Recently, chaos theory, non-equilibrium thermodynamics and other sciences of complexity have spawned a similar outburst - about the deaths of reductionism, of ``linear'' thinking, yea, even of ``the Cartesian ideal of knowledge as privileged in and by the Western philosophical discourse'' - with Prigogine in a role analogous to that of Eddington or Jeans. Le roi est mort, vive le roi!

Membership of medieval millenarian sects
See Cohn, Pursuit of the Millennium, ch. 3.
Cargo Cults and the Ghost Dance
For the cargo cults, see Worley. I am unaware of an equivalent study on the Ghost Dance.
Comforts of apocalypticism
I have been unable to find a comprehensive study of modern (never mind post-modern!) apocalypticism proper. When Prophecy Fails, by Leon Festinger, Henry Riecken and Stanley Schachter, is a study by three sociologists of a cult in a midwestern suburb which anticipated the end of the world, and their salvation by flying saucers, in the early 1950s. Aside from the total absurdity of their world-view, the people depicted are disturbingly ordinary. [], is a survey of some of the more colorful apocalyptic groups, and a guide to what literature exists - some of it by the apocalyptics themselves. For apocalypticism in my extended sense, the situation is correspondingly worse.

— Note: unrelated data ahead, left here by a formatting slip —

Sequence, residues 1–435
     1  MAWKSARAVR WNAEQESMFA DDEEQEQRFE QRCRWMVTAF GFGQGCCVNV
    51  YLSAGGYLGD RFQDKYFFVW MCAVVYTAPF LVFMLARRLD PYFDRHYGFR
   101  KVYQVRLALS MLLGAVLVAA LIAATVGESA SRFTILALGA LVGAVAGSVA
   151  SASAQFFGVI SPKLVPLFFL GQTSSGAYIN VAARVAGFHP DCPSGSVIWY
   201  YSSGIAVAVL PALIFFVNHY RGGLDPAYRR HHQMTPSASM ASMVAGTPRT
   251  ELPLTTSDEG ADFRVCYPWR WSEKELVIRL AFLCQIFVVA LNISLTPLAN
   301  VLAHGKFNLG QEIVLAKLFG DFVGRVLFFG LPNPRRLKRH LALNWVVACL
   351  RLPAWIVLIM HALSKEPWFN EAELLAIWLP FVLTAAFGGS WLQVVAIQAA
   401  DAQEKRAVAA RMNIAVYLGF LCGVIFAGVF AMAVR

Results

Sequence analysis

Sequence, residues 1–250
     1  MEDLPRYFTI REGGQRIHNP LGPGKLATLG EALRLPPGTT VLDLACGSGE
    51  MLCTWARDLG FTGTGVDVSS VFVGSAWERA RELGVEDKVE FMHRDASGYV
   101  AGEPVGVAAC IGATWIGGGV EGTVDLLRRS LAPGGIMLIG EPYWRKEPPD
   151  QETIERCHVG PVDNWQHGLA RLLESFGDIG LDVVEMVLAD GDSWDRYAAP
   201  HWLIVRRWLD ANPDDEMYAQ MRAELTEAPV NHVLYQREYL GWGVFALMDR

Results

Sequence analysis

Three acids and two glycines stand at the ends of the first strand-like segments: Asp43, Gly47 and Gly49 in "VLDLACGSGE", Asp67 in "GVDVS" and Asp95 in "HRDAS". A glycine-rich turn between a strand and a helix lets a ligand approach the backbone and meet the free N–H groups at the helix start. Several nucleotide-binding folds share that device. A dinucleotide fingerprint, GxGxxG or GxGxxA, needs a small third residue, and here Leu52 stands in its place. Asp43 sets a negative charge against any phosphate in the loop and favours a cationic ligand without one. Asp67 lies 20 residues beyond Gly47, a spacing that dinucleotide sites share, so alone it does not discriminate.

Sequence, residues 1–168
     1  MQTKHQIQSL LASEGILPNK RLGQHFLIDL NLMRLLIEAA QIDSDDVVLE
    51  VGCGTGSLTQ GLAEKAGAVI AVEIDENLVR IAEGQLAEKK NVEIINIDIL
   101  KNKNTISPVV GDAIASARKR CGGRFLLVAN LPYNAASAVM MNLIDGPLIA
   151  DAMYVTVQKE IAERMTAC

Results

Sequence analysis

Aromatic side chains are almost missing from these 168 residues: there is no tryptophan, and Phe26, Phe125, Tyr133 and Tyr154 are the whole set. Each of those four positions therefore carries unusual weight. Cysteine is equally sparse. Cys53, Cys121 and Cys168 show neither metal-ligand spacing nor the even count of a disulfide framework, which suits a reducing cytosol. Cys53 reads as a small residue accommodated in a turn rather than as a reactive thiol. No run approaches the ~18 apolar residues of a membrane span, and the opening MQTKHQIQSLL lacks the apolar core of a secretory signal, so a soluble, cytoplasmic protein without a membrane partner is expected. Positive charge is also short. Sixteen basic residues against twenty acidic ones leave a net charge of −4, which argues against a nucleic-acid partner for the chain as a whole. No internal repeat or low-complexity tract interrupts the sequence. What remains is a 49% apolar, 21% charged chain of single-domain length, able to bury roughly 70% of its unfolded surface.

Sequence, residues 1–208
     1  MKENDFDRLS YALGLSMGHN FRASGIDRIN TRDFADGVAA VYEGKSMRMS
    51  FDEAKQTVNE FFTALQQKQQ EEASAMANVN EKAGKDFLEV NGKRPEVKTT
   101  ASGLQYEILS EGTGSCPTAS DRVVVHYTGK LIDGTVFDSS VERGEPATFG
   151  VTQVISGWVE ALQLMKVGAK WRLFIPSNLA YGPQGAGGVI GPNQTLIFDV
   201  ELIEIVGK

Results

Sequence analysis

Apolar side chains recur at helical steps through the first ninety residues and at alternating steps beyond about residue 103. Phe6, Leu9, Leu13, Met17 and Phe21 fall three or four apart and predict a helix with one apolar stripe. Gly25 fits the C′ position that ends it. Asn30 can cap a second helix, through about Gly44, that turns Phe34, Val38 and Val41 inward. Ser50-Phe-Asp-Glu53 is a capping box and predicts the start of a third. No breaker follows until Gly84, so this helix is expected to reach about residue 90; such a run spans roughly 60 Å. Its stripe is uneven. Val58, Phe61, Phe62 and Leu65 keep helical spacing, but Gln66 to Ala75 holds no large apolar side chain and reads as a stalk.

Norman Cohn's Pursuit of the Millennium is a fascinating history of European apocalyptic movements from the later Hebrew prophets through the early seventeenth century; I have borrowed his ideas shamelessly. (I have not yet had a chance to read his Cosmos, Chaos and the World to Come, where he attempts to find the roots of apocalypticism in Zoroaster's modification of archaic combat myths.) Some of the later mutations of the idea are traced by Arendt.

Or $1 on the streets of Berkeley. Incredibly, this is less than the nominal-dollar price in the late 1960s, vide Hunter Thompson's lament in Fear and Loathing in Las Vegas for acid freaks who ``thought they could buy enlightenment for three dollars a tab.''
Ecstasy made in Hungary and Latvia for the British market
The Economist, 13 November 1993, p. 68. As it drily notes :``Oh, by the way, ecstasy is illegal in Britain.''
The classic analysis of mysticism is James. Grinspoon and Bakalar, is, despite its semi-encyclopedic nature, accessable to the laity and (as the title hints) favorable to the cause. On shamanism and other ``archaic techniques of ecstasy'', see Eliade. For their post-modern descendants, see Clifton.

For the role of mysticism in furthering the progress of science, see Needham, pp. 86-100, and the references therein.

I am forced to note that psychedelics are endemic in Silicon Valley and its cultural satellites; but by their own account, these people are into drugs for the same reason they are into computers, viz., kicks.